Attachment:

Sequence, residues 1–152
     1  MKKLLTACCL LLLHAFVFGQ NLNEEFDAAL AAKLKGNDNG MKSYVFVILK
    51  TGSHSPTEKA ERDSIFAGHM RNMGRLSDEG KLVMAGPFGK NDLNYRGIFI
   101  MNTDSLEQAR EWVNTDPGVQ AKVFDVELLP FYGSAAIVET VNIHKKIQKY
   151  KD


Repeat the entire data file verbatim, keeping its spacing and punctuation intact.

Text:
Sequence, residues 1–152
     1  MKKLLTACCL LLLHAFVFGQ NLNEEFDAAL AAKLKGNDNG MKSYVFVILK
    51  TGSHSPTEKA ERDSIFAGHM RNMGRLSDEG KLVMAGPFGK NDLNYRGIFI
   101  MNTDSLEQAR EWVNTDPGVQ AKVFDVELLP FYGSAAIVET VNIHKKIQKY
   151  KD